“It’s a double-edged sword,” Shevlin said. “I want Disney to open, but at the same time, I want it safe. I want security. I am 60 years old. I don’t care what anybody says, coronavirus is serious... I want on-site testing. I want temperatures taken. I want all precautions to be handled. I don’t want to go back to avoid losing my job. I want to go back because it’s safe.”
Shevlin has wanted to work at Disneyland since 1970, when she tuned in to an installation of the TV anthology series The Magical World of Disney. At the time, Shevlin was living with her mother in St. Louis, Missouri, and obsessed with the show. (“I would always say, ‘We can’t go out on Sunday nights, we gotta watch Disney.’”) In this particular episode, a young Kurt Russell explored the Anaheim park’s Haunted Mansion alongside family musical group the Osmond Brothers. “Donny [Osmond] is maybe a year older than me, so he’s my age group. He was so cute, being an 8-year-old girl,” Shevlin said. “I thought: ‘I want to be a Disney worker.’”
Shevlin later moved to Tulsa, Oklahoma, and spent her teen years with her father. But just months shy of her 18th birthday, she reunited with her mother in Orange County. They celebrated at Disneyland. “This was one of my favorite moments with my mother,” Shevlin said. “We were watching the [Disney Main Street] Electrical Parade and she bought me this huge big Mickey Mouse. We had to put it in plastic because it started raining—more like a drizzle. But we watched the Electrical Parade and we were dancing. It was a highlight of my life. I still remember it.”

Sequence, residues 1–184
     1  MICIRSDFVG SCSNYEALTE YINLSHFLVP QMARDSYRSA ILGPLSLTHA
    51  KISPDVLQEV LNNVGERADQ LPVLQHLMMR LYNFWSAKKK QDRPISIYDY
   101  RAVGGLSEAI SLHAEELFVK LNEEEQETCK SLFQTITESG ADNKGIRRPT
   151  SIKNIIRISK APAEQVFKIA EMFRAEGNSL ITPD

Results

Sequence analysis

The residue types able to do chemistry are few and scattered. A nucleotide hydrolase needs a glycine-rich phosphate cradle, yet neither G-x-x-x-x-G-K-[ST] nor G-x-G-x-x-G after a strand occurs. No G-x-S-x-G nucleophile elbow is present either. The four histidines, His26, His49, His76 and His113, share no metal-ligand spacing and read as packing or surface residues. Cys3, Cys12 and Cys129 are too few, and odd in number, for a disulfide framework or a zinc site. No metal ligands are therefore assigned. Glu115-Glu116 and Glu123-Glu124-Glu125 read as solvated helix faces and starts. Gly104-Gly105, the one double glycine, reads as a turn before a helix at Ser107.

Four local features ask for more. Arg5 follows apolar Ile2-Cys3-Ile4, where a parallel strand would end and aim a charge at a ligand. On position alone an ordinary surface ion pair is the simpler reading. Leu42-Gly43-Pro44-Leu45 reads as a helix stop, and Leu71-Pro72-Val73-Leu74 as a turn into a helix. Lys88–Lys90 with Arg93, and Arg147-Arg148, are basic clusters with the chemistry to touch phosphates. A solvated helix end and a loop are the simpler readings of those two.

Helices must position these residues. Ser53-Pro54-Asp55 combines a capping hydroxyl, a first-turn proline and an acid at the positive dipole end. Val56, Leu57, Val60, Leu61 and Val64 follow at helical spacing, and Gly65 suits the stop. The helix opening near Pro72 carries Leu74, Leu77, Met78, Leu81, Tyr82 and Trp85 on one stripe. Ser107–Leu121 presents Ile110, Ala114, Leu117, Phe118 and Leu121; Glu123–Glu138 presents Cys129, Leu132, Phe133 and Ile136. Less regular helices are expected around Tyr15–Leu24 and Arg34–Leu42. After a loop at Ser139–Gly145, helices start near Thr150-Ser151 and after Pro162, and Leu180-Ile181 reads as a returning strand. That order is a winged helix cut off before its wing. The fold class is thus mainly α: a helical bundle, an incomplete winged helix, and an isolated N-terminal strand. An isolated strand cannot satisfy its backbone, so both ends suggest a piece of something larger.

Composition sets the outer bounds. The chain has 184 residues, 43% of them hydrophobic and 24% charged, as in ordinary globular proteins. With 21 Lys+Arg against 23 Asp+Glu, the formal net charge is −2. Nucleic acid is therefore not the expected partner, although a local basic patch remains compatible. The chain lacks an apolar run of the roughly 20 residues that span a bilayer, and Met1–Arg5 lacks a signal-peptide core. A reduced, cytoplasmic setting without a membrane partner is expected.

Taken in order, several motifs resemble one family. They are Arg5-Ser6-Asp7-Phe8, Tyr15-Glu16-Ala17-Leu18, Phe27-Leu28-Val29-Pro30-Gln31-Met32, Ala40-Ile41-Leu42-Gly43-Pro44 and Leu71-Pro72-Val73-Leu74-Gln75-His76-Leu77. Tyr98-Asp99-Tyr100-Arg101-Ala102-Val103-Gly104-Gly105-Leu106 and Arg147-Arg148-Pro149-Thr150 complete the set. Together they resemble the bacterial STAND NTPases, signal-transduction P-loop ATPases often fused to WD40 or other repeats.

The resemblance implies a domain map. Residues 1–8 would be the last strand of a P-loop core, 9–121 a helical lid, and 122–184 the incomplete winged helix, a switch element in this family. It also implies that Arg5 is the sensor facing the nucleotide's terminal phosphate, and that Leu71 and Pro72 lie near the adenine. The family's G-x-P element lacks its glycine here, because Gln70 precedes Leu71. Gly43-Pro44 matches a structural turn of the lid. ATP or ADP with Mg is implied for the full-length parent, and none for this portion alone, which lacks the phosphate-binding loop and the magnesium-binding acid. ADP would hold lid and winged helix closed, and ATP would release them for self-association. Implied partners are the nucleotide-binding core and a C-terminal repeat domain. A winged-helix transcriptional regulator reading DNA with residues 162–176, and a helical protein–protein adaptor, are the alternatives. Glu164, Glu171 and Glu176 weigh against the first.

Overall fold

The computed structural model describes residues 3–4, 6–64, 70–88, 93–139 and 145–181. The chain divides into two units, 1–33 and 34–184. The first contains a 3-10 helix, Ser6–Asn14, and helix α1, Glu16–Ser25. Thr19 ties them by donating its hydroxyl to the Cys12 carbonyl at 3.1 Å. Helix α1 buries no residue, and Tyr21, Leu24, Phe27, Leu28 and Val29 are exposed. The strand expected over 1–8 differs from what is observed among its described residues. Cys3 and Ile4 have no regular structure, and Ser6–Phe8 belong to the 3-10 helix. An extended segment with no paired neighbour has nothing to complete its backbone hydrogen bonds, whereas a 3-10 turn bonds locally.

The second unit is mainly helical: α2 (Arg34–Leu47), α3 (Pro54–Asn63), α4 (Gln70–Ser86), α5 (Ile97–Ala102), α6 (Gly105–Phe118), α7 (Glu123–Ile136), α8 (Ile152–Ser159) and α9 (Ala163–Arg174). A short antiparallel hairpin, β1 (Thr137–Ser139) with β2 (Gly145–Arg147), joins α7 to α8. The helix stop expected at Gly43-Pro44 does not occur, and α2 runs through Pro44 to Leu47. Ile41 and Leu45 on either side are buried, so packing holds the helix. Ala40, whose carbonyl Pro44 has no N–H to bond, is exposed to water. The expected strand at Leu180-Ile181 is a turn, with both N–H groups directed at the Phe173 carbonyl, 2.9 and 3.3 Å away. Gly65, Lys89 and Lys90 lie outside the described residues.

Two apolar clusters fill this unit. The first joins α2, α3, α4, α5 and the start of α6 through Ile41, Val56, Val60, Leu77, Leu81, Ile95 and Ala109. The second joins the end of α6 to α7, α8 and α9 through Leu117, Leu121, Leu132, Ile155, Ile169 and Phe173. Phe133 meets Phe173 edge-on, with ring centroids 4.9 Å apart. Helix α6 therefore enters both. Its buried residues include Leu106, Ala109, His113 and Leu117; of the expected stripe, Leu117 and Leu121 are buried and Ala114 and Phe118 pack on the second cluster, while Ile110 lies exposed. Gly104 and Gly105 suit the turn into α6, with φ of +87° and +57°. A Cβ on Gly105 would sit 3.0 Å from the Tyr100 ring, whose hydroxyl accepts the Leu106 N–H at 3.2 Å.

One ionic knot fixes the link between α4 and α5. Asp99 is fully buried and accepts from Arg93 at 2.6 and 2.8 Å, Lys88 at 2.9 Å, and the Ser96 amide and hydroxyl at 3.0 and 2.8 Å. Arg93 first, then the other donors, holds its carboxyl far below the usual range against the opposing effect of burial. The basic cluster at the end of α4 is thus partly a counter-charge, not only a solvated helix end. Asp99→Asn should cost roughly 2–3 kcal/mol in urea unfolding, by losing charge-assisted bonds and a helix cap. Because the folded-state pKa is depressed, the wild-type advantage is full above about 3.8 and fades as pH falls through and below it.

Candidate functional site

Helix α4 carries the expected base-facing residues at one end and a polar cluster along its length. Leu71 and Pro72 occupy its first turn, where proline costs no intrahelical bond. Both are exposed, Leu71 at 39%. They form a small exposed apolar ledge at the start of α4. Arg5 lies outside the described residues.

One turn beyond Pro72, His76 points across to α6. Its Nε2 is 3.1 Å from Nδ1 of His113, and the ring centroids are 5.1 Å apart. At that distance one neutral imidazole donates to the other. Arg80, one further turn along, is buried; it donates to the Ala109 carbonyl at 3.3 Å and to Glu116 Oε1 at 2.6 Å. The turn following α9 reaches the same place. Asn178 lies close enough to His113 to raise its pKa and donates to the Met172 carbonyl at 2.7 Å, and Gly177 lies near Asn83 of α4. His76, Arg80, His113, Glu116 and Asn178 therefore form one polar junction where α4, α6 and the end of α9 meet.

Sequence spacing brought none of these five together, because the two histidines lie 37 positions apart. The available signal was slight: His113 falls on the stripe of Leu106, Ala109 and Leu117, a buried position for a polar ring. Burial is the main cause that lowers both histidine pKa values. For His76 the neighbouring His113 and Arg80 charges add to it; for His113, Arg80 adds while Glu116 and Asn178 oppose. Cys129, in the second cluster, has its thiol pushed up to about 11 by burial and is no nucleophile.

A decade later, Shevlin saw a newspaper advertisement for a position at the Disneyland Hotel. She drove over immediately to apply and interview. It was 1988. “At that time, they had answering machines,” Shevlin said. “When I walked in the door [after the interview], the light was blinking. They told me to show up for orientation two days later.”
It was a solid union job, Shevlin said, with healthcare, free meals, and an hourly wage well above the state minimum. Those conditions changed over the years. Before the pandemic, Shevlin’s hospitality union, Unite Here! Local 11, had negotiated an hourly rate of $15.95. “I’m one of the union leaders,” she said. “When I’m at lunch and I meet the new workers, I always tell them, ‘Don’t hesitate to come and sit down and I’ll explain a lot of things and help you through your employment.’ Things like that. So they have my number and they call me.”